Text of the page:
When you choose to run the new Microsoft Windows 7 operating system, you can very well run into some compatibility problems. And this does not only apply to programs or applications installed on your PC, but to incompatible hardware devices as well.
Windows 7 supports more devices by default than Windows Vista, but not all manufacturers have teamed up with Microsoft to include their drivers with Windows 7.
Furthermore, hardware manufacturers often only update their drivers if they have new or recently released hardware. If THEIR hardware is the same, then they may feel no need to update their drivers because you have decided to upgrade your operating system to Windows 7.
As a result, a device installation may fail in Windows 7 as shown below.
In the Windows 7 Device Manager, the devices will be listed under the Other devices category.
So what do you do if you upgraded to Windows 7 and are now encountering driver incompatibility issues?
1) You can contact the hardware manufacturer and find out if they have a Windows 7 driver, or if they even plan to create one for your device! You can check the device properties for the hardware id to contact the manufacturer.
2) You can try a Vista driver for the device. It is said that Vista drivers will work in Windows 7. The technical architecture for both these Windows versions is very similar, so some Vista drivers MAY be used in Windows 7. You simply have to give this solution a try to see if it works I’m afraid.
3) Hell, why not try a Windows XP driver while you’re at it. Even a Windows XP driver can be tried under Windows 7. Especially for ‘simple’ hardware (many USB devices), this can work. If the driver is not accepted, try running the device driver installer in the Windows XP compatibility mode.
Now… if there really are no drivers for Windows 7, nor compatible older drivers and the hardware vendor indicates that they will not be created, I’m afraid it’s the end of the road for alternative solutions. You really need to replace the hardware with a Windows 7 compatible version.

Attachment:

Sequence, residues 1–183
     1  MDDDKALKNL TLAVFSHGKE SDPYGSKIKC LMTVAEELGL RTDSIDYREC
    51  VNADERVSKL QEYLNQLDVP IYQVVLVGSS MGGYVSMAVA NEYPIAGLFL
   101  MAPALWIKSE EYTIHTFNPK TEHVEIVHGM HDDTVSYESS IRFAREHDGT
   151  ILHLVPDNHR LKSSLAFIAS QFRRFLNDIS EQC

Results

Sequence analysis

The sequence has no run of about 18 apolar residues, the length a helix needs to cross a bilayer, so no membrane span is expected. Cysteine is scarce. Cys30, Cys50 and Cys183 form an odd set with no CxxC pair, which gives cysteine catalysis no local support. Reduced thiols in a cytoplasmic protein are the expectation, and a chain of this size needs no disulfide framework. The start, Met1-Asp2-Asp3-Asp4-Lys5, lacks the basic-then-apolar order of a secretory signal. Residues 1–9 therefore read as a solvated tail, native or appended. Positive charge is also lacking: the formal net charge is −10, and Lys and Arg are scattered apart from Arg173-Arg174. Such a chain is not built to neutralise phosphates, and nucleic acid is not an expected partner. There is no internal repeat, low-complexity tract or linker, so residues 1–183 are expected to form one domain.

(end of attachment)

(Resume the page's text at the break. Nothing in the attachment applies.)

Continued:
Windows 7: Should you go for 32-bit or 64-bit?
When you upgrade to Windows 7, you have the choice between a 32-bit and 64-bit version. You may be tempted to go for the 64-bit version due to the increased RAM available but note that more drivers may be available or compatible with the 32-bit version!
Even in Vista, the 64-bit version has always struggled with device driver availability for many types of devices. So if you have a choice, consider your computer hardware before deciding. Checking in advance can save you a lot of headaches. Remember, 32-bit drivers CANNOT be used in 64-bit versions.
One of the reasons drivers for 64-bit versions are not always available is that all kernel mode drivers need to be signed. Unsigned drivers are not accepted. For mode details on driver signing, visit the Microsoft website.
Resources for Windows 7 Compatibility
The Microsoft Windows 7 Compatibility Center (no longer available) was the first place to look to check if your device is really compatible with Windows 7, or not.
For specific hardware compatibility questions, you can also try the Microsoft forum.
Many hardware and computer manufacturers have their own information on whether or not their devices are compatible with Windows 7. Check the manufacturer’s websites for details.
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